Khan Academy has a very helpful video which explains different strategies you can use as you try to learn and understand new materialKhan Academy: Learn six powerful encoding strategies
Help overcome your anxiety by being well prepared! When you study as well as you can, you have nothing to fear or regret. While you are studying, pay particular attention to these techniques:
If you aren't sure where to start, try printing out this quiz review checklist. It looks like a lot of work, but it can be very managable if you take it one step at a time.
"Students who viewed their anxiety as helpful, not harmful, reported less emotional exhaustion. They also did better on their exams and earned higher grades at the end of the term. Critically, the effects of mind-set were strongest when anxiety levels were high. A positive mind-set protected the most anxious students from emotional exhaustion and helped them to succeed in their goals." (Wall Street Journal)and, from another place,
"... the participants who had told themselves "I am excited" felt better able to handle the pressure and were more confident of their ability to give a good talk. Not only that, but observers who rated the talks found the excited speakers more persuasive, confident and competent than the participants who had tried to calm down. With this one change in mind-set, the speakers had transformed their anxiety into energy that helped them to perform under pressure." (Wall Street Journal)
Doing the right stretches can help you relax, and get into the right mindset for doing mathematics.
The Mayo Clinic lists eight good "office stretches". These are good to know, because you can do them in the library, at home, or even during an exam.
Make sure you use both the neck and chest stretches.
If things seem too overwhelming, you might also benefit from talking to the university counseling center.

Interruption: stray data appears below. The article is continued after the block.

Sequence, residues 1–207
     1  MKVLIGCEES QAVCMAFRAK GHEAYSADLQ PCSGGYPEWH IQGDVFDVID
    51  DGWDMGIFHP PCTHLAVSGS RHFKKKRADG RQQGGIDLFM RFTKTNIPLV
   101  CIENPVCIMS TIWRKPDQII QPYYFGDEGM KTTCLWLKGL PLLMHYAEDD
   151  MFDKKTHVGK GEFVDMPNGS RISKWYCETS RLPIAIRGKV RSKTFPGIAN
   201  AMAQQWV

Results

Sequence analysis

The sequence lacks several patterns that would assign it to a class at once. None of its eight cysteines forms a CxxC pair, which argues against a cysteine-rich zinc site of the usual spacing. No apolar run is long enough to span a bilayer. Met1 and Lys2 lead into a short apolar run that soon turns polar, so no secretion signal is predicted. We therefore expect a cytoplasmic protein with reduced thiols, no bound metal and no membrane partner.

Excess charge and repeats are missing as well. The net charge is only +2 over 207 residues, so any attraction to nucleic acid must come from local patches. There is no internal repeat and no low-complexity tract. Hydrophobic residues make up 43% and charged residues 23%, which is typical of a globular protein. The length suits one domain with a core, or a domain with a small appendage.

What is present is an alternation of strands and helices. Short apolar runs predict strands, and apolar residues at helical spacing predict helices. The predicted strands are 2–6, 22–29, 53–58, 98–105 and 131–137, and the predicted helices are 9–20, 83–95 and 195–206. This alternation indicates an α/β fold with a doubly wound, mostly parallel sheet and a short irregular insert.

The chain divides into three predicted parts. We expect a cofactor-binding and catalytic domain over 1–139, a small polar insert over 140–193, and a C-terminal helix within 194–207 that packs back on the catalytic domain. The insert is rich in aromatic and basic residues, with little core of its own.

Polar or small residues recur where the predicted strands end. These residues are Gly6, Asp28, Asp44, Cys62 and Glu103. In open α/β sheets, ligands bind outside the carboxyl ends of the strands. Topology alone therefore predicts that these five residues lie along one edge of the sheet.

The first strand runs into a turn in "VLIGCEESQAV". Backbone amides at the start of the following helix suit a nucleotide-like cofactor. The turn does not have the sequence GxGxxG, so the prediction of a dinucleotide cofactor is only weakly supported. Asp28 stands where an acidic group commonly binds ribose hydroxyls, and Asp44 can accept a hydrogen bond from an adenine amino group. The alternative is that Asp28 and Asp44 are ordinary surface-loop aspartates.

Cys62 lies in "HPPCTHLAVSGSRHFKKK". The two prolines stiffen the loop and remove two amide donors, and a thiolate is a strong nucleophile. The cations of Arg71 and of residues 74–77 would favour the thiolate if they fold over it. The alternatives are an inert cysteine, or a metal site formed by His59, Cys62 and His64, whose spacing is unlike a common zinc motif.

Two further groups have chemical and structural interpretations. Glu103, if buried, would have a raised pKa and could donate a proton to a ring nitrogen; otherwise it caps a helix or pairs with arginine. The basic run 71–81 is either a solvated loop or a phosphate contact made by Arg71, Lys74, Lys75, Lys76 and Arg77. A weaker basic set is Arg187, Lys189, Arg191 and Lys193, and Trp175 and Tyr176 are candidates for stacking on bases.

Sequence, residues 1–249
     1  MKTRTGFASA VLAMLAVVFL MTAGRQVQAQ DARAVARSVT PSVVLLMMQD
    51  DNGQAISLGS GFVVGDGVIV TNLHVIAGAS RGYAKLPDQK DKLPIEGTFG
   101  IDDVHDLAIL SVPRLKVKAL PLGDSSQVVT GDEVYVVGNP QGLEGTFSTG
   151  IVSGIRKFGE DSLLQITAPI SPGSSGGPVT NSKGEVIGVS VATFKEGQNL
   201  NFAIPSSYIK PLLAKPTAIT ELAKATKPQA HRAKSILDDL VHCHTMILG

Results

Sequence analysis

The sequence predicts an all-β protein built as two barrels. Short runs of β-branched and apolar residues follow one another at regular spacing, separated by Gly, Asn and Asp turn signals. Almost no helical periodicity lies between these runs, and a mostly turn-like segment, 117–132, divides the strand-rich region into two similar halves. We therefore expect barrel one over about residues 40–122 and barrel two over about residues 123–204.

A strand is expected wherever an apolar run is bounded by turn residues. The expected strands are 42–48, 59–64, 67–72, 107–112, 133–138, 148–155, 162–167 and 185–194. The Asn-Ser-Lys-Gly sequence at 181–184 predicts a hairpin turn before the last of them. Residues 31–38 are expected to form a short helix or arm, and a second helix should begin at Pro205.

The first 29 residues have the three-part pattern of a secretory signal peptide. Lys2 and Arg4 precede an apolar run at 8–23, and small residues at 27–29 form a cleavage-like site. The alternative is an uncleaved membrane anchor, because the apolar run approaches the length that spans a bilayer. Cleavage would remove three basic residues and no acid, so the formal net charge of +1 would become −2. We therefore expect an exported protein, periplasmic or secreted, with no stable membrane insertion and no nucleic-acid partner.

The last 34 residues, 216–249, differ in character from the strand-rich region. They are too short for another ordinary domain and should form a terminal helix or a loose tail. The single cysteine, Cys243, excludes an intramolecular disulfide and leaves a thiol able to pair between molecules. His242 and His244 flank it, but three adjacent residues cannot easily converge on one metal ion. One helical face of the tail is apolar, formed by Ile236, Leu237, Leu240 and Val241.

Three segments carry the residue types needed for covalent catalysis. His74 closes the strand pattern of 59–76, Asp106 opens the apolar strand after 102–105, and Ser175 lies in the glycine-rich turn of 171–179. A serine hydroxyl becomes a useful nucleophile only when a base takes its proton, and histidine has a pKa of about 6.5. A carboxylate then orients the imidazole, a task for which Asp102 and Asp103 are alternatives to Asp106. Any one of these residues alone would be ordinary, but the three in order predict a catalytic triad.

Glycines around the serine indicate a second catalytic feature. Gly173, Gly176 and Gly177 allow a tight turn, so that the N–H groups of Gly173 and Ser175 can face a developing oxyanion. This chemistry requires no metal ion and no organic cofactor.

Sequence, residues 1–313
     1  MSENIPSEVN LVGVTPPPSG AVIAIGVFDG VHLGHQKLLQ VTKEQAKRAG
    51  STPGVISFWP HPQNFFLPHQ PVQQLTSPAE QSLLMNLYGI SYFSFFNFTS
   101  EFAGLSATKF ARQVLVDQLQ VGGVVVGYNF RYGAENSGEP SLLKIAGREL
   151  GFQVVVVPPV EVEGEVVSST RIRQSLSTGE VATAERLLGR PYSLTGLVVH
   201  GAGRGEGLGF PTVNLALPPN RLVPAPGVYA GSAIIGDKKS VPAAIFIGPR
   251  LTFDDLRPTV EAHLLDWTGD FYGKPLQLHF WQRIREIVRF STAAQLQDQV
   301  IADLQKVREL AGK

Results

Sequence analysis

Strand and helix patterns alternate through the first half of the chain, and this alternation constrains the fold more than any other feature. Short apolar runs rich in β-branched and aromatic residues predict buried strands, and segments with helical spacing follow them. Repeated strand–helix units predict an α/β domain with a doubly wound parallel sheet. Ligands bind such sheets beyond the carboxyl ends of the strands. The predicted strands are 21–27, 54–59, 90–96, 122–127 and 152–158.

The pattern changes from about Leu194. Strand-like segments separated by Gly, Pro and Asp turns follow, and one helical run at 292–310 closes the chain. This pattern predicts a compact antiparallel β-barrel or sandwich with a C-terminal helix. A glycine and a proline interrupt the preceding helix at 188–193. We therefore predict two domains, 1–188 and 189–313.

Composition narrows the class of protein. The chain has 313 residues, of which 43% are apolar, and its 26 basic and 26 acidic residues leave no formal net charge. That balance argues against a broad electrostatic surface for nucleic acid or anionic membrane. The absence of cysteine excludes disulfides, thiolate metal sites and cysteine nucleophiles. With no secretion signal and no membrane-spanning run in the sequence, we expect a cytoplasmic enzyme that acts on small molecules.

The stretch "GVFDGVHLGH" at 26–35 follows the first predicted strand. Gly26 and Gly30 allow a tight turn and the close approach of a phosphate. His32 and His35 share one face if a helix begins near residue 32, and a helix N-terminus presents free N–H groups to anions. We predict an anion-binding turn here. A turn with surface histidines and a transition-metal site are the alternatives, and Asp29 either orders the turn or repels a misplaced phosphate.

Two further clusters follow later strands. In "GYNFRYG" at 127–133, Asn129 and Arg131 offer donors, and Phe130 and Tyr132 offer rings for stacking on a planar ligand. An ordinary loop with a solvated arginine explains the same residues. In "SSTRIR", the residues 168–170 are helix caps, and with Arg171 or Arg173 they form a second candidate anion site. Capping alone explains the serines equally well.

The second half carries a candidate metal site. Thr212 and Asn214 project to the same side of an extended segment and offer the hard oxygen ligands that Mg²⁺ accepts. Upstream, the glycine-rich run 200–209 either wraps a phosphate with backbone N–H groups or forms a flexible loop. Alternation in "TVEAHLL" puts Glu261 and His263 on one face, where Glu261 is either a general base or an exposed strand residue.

Mathematics requires intelligence, but what is intelligence?
In the past, some people thought that your "intelligence" was fixed: you either have it or you don't. Now, science suggests that you can grow your intelligence by learning and working hard. One very good article about "intelligence", titled The Secret to Raising Smart Kids, is written to parents and teachers. The whole article is worth reading, but the tag line sums it up well:
More than three decades of research shows that a focus on "process" -- not on intelligence or ability -- is key to success in school and in life (Scientific American)
The following quotes from the Khan Academy website are also very helpful.
Scientists have shown that, when people study hard and learn new ways to study, their brains change and grow. This is true for babies, kids, and even adults. So no one is ever stuck being "dumb." Everyone can improve their abilities a lot, as long as they practice a lot and use good strategies. (Khan Academy)
The truth is that building a stronger brain takes time, effort, and the right kind of practice. To get better at something you have to practice the right way, and that usually means the hard way. In fact, scientists have found that the brain grows more when you use new and different strategies. It grows less when you stick to things you already know. So it's not just about how much you study but about whether you push yourself to learn something new and difficult. (Khan Academy)